Earth: The Book Available Today! September 21, 2010

Earth: The Book Available Today!

Today marks the releases of The Daily Show with Jon Stewart Presents Earth (The Book): A Visitor’s Guide to the Human Race.

Over the summer, I had a chance to interview one of the head writers of the book, David Javerbaum. We talked about what goes on behind the scenes at The Daily Show, the problem with the news media, and David’s future plans now that he has left the show.

In case you missed it, here’s a link to our conversation.

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  • The book might be fun, but the title bothers me. “Earth: A Visitor’s Guide to the Human Race”. If it’s a guide to the human race, then really it ought to be called “Humanity: A Visitor’s Guide to the Human Race” because there’s a lot more to the Earth than just humans. In fact, humanity is really a rather small part of the Earth, and not much more than a blip in it’s history, one whose significance is about that of, say, the asteroid(s?) that killed the dinosaurs.

    Really, I wish I could get everyone on the planet to wake up and see the world as a whole and shake off the childish fixation on our species as the only important thing here, but that isn’t going to happen. Our special self-centeredness seems an inherent part of our biology that is reflected by and reinforced by our cultural institutions, religion not the least among them.

  • Hooray! I work for a company that’s been doing a bit of promotional stuff for this book and got a sneak peek of it. The chapter on religion was very funny and pointed, and made me wonder if the writers were fellow skeptics. Now I know!

    BTW, the book’s website was announced on Twitter earlier today:
    http://earththewebsite.com/
    I think Friendly Atheists definitely deserve alien reconstitution! ๐Ÿ™‚

  • humanity is really a rather small part of the Earth, and not much more than a blip in itโ€™s history, one whose significance is about that of, say, the asteroid(s?) that killed the dinosaurs.

    Thanks for trying to prove the myth that atheists are anti-life.

  • Thanks for trying to prove the myth that atheists are anti-life.

    Heh, yeah. Don’t confuse being small and fragile and squishy with being insignificant, Scythe.

    Carl Sagan said, “We are a way the Cosmos can know itself.” Asteroids can’t do that, and that difference is significant.

  • Richard Wade

    I don’t think that Scythe was saying anything “anti-life.” I think he/she was talking about our tendency to be anthro-centric. We atheists get frustrated by that kind of shallow vanity when theists wax poetic about how the whole universe was created just as a stage for our drama.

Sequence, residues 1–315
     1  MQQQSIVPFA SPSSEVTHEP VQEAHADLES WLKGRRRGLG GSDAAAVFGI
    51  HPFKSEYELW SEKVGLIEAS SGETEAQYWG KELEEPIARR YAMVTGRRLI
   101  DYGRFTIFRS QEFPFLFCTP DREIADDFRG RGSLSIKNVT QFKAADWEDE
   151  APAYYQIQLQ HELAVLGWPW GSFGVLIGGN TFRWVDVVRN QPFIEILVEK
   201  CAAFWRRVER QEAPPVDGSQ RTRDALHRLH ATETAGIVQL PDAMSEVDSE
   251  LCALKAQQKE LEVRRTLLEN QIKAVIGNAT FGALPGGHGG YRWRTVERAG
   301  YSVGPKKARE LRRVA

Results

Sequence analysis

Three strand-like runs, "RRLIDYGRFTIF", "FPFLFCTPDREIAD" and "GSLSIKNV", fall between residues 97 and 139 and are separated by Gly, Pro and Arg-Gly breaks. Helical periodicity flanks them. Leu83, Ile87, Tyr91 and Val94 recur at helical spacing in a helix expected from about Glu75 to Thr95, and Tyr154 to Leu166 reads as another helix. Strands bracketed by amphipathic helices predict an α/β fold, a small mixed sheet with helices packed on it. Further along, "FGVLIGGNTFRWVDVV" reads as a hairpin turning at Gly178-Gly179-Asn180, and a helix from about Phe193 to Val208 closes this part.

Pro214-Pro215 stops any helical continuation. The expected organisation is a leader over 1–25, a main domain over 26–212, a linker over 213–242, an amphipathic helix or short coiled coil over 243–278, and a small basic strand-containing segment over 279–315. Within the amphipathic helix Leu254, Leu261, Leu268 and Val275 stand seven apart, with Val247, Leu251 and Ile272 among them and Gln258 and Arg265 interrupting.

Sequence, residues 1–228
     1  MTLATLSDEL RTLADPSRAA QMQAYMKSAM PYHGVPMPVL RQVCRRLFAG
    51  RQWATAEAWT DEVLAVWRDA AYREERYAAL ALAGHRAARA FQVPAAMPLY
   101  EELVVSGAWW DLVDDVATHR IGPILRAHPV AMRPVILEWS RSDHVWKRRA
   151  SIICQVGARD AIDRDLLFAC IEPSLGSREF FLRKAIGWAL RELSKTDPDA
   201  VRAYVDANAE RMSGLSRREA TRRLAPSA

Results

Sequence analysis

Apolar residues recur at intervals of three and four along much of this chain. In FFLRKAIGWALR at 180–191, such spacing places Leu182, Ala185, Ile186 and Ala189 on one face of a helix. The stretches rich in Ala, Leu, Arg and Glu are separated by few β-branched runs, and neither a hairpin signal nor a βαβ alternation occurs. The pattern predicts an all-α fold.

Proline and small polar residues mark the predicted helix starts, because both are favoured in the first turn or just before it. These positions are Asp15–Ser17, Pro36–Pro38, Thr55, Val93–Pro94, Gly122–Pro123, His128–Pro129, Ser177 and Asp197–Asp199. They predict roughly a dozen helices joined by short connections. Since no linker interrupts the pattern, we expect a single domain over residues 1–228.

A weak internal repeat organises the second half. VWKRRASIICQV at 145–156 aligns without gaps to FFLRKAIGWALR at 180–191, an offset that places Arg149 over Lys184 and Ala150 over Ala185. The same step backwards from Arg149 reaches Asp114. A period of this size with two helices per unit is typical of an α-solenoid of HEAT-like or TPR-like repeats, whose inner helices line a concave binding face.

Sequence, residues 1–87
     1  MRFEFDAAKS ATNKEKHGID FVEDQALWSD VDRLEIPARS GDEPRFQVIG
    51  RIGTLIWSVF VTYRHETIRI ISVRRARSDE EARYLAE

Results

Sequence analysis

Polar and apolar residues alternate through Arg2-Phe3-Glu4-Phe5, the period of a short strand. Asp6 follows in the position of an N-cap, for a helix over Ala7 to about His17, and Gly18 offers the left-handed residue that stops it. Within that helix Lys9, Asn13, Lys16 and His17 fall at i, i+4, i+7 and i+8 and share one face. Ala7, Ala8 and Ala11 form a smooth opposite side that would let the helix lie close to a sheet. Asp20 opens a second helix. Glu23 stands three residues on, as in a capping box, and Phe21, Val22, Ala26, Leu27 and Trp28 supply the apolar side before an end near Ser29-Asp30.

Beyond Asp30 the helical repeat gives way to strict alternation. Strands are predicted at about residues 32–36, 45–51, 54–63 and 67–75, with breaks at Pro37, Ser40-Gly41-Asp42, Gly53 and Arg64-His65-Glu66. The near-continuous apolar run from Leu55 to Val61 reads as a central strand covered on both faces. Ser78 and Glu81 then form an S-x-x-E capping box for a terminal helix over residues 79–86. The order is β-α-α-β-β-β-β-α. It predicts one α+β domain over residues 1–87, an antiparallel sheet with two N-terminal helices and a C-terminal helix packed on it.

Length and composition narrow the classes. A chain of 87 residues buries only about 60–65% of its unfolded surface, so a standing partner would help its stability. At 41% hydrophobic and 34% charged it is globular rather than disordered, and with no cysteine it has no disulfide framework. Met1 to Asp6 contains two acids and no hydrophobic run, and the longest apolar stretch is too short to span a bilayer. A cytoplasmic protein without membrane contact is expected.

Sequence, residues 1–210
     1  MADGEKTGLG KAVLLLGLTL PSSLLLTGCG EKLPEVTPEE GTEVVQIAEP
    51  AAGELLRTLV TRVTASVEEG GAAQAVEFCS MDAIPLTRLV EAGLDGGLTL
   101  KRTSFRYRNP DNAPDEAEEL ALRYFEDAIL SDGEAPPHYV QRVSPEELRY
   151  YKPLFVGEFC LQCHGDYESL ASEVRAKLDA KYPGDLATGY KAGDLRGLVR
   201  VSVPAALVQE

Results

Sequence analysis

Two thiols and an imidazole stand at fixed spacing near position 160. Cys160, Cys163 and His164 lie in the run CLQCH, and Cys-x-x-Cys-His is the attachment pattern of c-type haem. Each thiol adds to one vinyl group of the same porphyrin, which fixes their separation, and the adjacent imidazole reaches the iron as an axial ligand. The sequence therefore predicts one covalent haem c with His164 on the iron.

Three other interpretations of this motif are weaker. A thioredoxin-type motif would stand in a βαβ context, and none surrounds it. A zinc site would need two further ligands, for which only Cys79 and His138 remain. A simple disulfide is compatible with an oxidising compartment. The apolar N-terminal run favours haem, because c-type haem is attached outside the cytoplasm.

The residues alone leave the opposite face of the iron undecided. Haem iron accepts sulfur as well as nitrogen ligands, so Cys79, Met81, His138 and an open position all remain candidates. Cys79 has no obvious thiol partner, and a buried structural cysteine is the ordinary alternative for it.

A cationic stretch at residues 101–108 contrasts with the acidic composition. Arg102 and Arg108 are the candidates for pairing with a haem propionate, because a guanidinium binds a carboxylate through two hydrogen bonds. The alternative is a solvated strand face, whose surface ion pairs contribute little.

Scythe, I think is just suggesting that we should not fall into that same self-important rut, because all people have a tendency to get so reckless when we’re like that.

    Yes, humans are cool, and significant. To humans. I like them. But that opinion has, I must admit, a lot to do with the fact that I am one. I have to balance that bias with the acknowledgment that humanity is the only species that possesses that opinion, as far as we know.

    It’s just about keeping a wider perspective along with our very understandable fascination with ourselves.

  • Scythe was certainly complaining about anthro-centricity, but she suggested that humans are only as significant as the next major ecological disaster (the death of the dinosaurs). That isn’t a balanced view.

    Not your main point, but I disagree that the human creature is the only one to consider itself significant, even among those we know. Molest any tiger cub in front of its mother and we’d discover just what the tigress thinks about the importance of tigers vs humans. Tigers are tigers, and humans are humans. To extend your own statement: our interests, whether we are tigers or people, are naturally inclined to our own. I’m a bit cautious of evolutionary psychology, but in this case, I think the evolutionary advantage of this view is clear.

    Many of us have enough empathy (and a sense of self-preservation) to hold ourselves back from disturbing tigers. Empathy is the result of recognizing that others have feelings like our own. That’s only significant if “our own” are significant. I agree that it’s dangerous to believe that humans are the only important thing, but the way to stress this is not by devaluing humans as Scythe did. Humans are most like me; they are the root of my empathy; if I consider them to be of no more importance than an asteroid explosion, then I risk undermining the foundation of the empathy I extend to other species.